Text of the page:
Stacy Serber, PhD, a Stanford Heath Care clinical nurse specialist, struggled with being overweight for much of her life, but everything changed when she started seeing Megan Mahoney, MD, clinical professor of medicine.
Clinicians across the board say the current climate of medicine cuts into the time they can spend really listening to patients, which makes it difficult to build trusting relationships that are at the heart of good health care.
To Serber, finally finding success in losing weight is the result of how Mahoney approaches their relationship and Serber’s wellness. “It’s more than, ‘What are your medical problems?’ She listens and she meets me where I am,” Serber says. “I’m the kind of person who can dig in my heels. But she doesn’t tell me what to do. She doesn’t browbeat me. She takes time with me and I never feel rushed when I’m with her.”
Mahoney, who is the section chief of general primary care in the Division of Primary Care and Population Health, recommended during their first appointment together that Serber see a nutritionist to help her lose weight, but Serber declined. Mahoney gently pushed back: “It’s something I would like you to do. If you’re not comfortable, we’ll leave it at that. But would you be comfortable revisiting this in six months?”
Serber agreed. And when nothing changed in six months, she agreed to see the nutritionist and enrolled in Stanford’s Omada Health program, which helps people who are at risk for diabetes and heart failure because of weight make long-term lifestyle changes.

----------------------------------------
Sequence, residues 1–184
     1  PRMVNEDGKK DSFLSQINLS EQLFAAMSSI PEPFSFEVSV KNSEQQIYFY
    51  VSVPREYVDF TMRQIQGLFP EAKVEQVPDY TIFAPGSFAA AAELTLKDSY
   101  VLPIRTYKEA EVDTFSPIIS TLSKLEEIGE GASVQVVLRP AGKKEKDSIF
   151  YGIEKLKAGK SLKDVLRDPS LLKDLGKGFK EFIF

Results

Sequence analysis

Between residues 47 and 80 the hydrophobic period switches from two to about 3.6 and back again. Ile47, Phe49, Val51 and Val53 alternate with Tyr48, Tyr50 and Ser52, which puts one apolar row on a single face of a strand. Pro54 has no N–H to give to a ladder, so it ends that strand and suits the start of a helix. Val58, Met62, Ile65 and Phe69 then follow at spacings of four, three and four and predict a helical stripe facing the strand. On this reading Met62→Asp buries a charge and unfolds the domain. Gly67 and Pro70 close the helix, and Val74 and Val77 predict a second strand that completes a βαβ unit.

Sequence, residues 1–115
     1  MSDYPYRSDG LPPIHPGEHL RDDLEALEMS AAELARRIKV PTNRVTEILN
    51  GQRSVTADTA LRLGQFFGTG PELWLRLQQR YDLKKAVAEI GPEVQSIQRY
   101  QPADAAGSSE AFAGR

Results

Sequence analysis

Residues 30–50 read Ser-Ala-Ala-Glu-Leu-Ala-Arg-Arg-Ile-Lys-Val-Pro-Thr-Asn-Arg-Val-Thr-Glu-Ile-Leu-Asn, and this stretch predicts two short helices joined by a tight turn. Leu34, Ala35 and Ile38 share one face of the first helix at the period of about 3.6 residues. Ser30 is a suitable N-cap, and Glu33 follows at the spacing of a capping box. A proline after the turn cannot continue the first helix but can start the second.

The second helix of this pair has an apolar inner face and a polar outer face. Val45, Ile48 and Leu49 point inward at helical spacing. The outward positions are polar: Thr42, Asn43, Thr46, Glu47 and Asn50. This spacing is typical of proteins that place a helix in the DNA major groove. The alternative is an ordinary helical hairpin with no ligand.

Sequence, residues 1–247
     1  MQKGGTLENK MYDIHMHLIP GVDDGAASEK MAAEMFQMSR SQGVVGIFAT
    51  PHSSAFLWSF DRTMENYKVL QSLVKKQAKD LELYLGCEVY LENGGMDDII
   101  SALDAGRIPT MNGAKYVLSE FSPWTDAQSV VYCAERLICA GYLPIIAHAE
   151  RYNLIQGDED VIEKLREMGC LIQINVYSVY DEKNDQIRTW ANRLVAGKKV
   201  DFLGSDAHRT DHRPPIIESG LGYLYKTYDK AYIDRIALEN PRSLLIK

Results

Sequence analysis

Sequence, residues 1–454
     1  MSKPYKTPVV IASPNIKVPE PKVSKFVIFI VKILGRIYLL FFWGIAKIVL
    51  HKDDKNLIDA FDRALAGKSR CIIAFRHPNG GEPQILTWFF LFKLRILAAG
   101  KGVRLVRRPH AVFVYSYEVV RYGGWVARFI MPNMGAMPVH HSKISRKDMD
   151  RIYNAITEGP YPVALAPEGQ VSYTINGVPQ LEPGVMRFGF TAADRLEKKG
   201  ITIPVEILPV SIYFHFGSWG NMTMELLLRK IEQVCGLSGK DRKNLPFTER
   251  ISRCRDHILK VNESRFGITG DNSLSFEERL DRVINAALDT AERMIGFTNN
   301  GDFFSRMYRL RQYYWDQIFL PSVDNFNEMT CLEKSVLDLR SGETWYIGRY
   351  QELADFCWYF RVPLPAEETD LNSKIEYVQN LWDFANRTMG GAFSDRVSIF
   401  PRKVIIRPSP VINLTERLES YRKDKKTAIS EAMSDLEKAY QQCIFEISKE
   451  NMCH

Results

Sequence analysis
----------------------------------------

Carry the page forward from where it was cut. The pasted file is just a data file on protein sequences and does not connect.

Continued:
Serber lost 54 pounds in a year. Along the way, Mahoney cheered on Serber’s successes and focused on Serber’s goals and challenges.
Mahoney says she finds immense gratification in having that kind of experience with her patients. “That’s why I became a doctor.” She also wants patients to know “they’re walking this journey with somebody.”
“I want people to leave feeling better, not from their symptoms, but because they had a connected experience with someone they could trust — that they felt like they were heard, that we came up with a plan together, and that they were participants in developing the plan,” Mahoney says.
For some patients, it takes more digging to get there. If, for instance, a 30-year-old, fit man is having chest pains and his biggest fear is that it’s a heart attack, she can’t just do an EKG, say, “No, you aren’t,” and send him away. She has to address “the question behind the question.” Maybe his best friend just had a heart attack.
“If you aren’t addressing the fears, concerns and expectations of the patient when they come in for the first visit, they’ll come back for another visit,” Mahoney says.